The arrestees couldn’t sufficiently overcome the police strategy.  An affidavit by one of the complaining neighbors asserted the house “used to be vacant; about a month ago I started seeing people using the home.”  Such details reinforced the “lurid optics” prong of the case against the arrestees—that the house was regularly used for unlawful activity and that the arrestees knew about it and had attended more than one party at the house or another house in the neighborhood, although no evidence of such “ongoing party activity,” implicating these arrestees, was introduced at all.  

Also, the condition of the house contributed to the “lurid optics.”  The United States, during oral argument:  

It wasn’t just that it was messy ….  [T]he house was considerably more dirty than just an ordinary house.  In fact, one of the individuals who went to the house said that the floor was so dirty, she was unwilling to sit on it.  There was trash strewn about.  There were used contraceptives strewn about.  I think that all of those things would lead a reasonable officer to think that perhaps these are just particularly messy houseguests, but this is also consistent with the type of party people would throw in a vacant house where they’re not too concerned about the state that they leave it in.”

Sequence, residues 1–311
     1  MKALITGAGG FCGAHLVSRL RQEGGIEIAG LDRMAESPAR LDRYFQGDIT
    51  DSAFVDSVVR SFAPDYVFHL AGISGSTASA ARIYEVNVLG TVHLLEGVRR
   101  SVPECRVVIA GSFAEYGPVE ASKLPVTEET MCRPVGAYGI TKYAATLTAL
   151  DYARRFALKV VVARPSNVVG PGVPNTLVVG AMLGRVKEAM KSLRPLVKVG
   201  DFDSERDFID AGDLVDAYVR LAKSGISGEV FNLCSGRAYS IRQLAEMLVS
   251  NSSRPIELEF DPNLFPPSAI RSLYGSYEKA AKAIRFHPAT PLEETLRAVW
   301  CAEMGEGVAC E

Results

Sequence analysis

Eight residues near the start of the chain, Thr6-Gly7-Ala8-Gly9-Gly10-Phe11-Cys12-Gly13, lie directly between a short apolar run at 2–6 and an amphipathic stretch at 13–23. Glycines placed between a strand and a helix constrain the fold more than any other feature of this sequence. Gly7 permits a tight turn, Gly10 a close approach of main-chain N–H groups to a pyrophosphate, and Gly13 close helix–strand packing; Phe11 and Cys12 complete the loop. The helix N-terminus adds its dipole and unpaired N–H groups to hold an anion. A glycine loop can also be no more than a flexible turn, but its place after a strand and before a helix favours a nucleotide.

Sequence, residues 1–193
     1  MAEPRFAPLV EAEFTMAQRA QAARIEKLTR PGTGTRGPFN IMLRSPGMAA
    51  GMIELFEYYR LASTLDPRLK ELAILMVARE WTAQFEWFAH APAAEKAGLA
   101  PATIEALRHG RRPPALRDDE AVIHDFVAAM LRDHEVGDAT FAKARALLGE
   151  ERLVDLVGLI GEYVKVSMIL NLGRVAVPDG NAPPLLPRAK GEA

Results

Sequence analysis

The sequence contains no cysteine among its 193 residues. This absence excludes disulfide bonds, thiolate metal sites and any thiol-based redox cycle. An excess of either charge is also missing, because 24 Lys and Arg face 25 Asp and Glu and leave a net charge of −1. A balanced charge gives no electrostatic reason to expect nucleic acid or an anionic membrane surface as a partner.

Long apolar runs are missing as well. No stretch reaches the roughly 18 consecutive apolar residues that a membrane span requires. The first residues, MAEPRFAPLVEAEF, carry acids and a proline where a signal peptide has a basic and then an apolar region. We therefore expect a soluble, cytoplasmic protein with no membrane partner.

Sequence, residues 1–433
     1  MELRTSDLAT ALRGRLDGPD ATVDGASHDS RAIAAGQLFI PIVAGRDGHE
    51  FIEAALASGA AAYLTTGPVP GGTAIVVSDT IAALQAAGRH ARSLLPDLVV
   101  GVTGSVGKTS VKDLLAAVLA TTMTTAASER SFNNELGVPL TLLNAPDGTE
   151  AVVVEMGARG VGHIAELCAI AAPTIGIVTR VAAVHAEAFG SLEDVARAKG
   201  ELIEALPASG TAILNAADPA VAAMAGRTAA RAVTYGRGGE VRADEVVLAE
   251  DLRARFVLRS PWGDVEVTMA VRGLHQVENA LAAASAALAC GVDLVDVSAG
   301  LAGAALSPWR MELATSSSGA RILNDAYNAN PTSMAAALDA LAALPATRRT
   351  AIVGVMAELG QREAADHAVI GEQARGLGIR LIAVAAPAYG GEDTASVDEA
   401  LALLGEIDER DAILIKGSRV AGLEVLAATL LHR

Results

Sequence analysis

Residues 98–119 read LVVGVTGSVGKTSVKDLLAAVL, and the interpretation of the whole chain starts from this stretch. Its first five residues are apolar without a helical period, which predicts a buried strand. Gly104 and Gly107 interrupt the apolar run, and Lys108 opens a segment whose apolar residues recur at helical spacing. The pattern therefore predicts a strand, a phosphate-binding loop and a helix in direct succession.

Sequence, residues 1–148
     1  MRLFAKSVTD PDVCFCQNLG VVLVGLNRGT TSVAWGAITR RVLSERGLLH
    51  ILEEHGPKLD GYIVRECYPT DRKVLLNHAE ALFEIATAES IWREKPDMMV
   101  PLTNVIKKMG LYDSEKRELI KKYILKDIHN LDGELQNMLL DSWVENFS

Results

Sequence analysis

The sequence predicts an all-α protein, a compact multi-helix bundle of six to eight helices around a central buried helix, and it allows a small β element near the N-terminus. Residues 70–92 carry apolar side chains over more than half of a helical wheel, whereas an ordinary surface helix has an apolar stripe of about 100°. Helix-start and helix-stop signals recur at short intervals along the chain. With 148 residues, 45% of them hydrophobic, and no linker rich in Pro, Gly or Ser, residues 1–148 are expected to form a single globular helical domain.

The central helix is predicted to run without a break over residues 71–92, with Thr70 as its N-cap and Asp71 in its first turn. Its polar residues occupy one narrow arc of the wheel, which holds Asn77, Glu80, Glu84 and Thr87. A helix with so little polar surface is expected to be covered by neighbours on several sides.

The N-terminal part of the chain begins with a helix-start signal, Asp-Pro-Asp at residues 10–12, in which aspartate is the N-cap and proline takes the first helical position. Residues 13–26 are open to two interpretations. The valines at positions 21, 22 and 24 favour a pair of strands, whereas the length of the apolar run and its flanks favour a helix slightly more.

The Supreme Court also held that the officers were entitled to qualified immunity under 42 U.S.C. § 1983, because they (1) neither violated a federal or statutory constitutional right, (2) nor reasonably understood that what they were doing was unlawful.  See Reichle v. Howards, 566 U.S. 658, 664 (2012).  

It was a devastating reversal for the arrestees, who actually won their case for false arrest along with $1.68 million in damages in the federal district court and were affirmed by the U.S. Court of Appeals for the D.C. Circuit.  

DISCLAIMER:  The opinions expressed herein are general and might not be applicable to your case or circumstances.  If you need legal advice about a specific matter, consult an attorney in your jurisdiction.